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Intel: Former US ambassador to UAE to join McGurk on National Security Council

Barbara Leaf is set to join other Obama-era officials with established Middle East policy credentials.
US Secretary of State John Kerry (C) walks with Deputy Chief of Mission Ethan Goldrich (far L), US Ambassador to the United Arab Emirates Barbara Leaf (2nd L) and Emirati Foreign Minister Sheikh Abdullah bin Zayed Al Nahyan (R) upon his arrival in Abu Dhabi, on November 23, 2015. Kerry arrived in Abu Dhabi on November 23 to meet his Emirati counterparts on efforts to build a Syrian opposition coalition to lead peace talks with the Damascus regime.     AFP PHOTO / POOL / Jacquelyn Martin        (Photo credit

Barbara Leaf, the former US ambassador to the United Arab Emirates during the Barack Obama administration, is expected to be named to President-elect Joe Biden’s National Security Council, Vox reported.

If selected, Leaf will join former envoy to the coalition to defeat the Islamic State Brett McGurk, who was named the incoming NSC’s coordinator for the Middle East last week.

Why it matters:  Leaf brings extensive experience in US policy toward the Gulf, having previously served as the State Department’s top official for the Arabian Peninsula, and prior to that in the same role for Iraq, under the Obama administration. She was also the State Department’s first director of Iranian affairs.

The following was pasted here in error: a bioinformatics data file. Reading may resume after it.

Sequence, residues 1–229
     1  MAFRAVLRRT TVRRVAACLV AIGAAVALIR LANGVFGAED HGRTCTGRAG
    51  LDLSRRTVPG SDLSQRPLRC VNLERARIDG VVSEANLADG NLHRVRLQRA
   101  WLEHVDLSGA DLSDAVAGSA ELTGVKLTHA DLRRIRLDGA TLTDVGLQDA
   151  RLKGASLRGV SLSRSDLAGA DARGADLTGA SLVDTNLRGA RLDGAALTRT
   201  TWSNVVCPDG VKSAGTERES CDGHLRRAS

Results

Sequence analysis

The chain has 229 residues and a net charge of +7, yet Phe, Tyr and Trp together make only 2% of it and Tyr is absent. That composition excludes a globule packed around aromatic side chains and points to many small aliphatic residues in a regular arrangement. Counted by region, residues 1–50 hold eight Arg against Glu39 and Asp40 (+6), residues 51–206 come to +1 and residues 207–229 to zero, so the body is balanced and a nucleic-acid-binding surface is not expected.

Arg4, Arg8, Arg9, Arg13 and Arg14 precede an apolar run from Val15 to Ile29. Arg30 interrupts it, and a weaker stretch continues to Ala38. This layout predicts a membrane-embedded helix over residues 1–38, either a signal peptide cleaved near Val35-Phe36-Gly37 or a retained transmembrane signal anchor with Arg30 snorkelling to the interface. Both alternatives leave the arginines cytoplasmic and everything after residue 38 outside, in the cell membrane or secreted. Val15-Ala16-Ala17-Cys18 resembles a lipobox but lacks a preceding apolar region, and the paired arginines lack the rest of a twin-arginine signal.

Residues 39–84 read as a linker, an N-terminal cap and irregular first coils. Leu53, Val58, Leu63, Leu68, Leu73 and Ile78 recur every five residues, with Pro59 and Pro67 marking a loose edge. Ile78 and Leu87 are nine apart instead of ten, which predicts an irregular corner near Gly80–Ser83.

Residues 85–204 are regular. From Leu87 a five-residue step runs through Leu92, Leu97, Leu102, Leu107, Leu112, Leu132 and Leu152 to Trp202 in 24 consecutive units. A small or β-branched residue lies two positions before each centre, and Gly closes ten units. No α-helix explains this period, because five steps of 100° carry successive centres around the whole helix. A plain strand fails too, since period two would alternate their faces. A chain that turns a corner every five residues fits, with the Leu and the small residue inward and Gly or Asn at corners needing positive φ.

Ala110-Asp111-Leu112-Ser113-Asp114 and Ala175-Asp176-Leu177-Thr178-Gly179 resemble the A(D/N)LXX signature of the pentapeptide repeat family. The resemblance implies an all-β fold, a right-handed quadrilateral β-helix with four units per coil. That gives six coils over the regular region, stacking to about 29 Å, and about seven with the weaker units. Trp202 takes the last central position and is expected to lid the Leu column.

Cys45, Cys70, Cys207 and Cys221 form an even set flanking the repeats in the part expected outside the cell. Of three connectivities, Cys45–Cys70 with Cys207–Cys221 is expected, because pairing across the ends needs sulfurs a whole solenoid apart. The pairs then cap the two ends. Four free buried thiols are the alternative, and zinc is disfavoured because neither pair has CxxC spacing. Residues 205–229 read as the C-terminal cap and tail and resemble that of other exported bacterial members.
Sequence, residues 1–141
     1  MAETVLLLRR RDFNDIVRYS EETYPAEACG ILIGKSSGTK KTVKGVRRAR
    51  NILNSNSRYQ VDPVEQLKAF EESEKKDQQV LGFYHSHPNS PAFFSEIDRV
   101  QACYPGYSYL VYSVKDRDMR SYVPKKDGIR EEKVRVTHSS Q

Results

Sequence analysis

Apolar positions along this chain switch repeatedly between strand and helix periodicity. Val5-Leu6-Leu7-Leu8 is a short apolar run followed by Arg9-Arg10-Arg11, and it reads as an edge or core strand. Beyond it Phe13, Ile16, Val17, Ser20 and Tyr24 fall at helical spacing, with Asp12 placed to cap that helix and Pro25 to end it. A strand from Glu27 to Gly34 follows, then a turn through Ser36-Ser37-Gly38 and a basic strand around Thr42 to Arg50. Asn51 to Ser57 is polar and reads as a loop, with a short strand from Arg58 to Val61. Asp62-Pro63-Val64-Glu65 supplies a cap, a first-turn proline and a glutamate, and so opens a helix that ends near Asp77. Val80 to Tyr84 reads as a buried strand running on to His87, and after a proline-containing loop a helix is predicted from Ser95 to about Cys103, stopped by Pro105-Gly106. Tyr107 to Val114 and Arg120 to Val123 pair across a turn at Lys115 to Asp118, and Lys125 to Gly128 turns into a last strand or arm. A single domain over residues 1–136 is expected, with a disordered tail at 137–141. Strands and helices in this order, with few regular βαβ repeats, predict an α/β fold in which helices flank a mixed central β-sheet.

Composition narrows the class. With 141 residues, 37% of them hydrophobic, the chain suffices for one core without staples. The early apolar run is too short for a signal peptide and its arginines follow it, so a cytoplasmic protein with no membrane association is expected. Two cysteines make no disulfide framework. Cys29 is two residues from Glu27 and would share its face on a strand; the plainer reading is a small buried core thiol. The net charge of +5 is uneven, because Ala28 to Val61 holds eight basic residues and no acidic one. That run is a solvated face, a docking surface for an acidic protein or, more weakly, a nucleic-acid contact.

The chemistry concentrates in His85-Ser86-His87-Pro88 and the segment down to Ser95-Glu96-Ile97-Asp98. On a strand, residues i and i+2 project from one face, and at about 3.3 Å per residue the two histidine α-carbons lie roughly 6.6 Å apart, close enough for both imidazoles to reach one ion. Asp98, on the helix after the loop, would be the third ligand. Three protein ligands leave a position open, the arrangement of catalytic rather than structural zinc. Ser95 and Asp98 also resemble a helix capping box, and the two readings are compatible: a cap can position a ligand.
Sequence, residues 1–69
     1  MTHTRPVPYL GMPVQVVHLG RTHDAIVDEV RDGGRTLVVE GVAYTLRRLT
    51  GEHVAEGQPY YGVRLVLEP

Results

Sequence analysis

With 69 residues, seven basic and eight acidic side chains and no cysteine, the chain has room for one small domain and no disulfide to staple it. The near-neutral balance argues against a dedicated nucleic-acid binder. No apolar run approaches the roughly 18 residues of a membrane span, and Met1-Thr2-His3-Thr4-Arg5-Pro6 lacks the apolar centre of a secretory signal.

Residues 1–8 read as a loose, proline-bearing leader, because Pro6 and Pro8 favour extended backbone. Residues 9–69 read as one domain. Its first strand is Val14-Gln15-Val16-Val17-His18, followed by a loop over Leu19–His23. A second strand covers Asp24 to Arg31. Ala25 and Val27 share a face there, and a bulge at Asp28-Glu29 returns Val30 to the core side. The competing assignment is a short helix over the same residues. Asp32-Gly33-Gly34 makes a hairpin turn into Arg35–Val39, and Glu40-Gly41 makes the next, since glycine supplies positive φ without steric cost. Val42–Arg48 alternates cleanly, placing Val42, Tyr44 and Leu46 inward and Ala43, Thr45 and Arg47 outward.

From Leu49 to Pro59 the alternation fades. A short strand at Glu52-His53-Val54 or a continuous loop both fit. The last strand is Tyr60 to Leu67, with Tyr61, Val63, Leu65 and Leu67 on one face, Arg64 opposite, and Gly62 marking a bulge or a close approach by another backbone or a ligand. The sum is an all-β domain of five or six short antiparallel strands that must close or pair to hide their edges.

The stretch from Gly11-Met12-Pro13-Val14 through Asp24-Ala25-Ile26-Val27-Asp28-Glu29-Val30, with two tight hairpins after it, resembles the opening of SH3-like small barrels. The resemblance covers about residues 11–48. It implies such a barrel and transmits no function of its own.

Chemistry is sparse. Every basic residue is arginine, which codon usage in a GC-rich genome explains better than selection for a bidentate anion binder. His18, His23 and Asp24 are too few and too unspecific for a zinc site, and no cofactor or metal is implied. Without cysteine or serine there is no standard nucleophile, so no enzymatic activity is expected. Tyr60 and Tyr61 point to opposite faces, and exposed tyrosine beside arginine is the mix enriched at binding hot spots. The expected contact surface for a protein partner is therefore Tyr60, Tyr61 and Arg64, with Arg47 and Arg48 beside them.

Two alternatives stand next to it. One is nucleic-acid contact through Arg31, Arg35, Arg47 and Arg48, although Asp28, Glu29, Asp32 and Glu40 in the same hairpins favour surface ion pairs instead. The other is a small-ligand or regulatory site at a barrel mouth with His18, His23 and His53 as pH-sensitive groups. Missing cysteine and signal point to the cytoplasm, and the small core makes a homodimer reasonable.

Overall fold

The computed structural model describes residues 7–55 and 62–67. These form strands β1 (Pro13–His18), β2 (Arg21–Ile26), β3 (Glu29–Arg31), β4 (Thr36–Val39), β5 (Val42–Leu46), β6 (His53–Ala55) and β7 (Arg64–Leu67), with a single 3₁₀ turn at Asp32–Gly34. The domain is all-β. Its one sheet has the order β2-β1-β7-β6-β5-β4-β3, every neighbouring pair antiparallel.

Her reported selection is the latest sign Biden is choosing established Middle East policy professionals and placing a high priority on diplomatic engagement with Iran.

On Monday Biden announced his pick for CIA director was William Burns, a veteran foreign service official who led the Obama administration’s early back-channel negotiations with Tehran.

Last week the president-elect named Wendy Sherman, the State Department’s former top political affairs official and lead negotiator in talks with Iran that led to the 2015 Joint Comprehensive Plan of Action (JCPOA), as deputy secretary of state.

What’s next:  Biden was long expected to select Obama-era officials to lead his Middle East approach, but the region has changed significantly over the last four years.

The president-elect has vowed to end US support for the Saudi-led coalition’s war in Yemen and to rejoin the 2015 international nuclear deal with Iran.

The outgoing administration of President Donald Trump walked out of the JCPOA in 2018 and introduced economic sanctions and covert action and attempted to build up regional military deterrence in hope of rolling back Iran’s support for regional proxies and its ballistic missile program.

Leaf has raised concerns over whether the United Arab Emirates is prepared to receive the highly sensitive technology of the F-35, but said the US deal will not threaten Israel’s regional superiority. She has also said Iran’s ballistic missile arsenal is “formidable and could wreak immense damage,” though it is not yet fully clear how the Biden team plans to tackle the issue.

Sullivan said earlier this month that talks over Iran’s ballistic missiles must follow negotiations over rejoining the JCPOA.

Know more:  Elizabeth Hagedorn reports on Biden's pick for CIA director.

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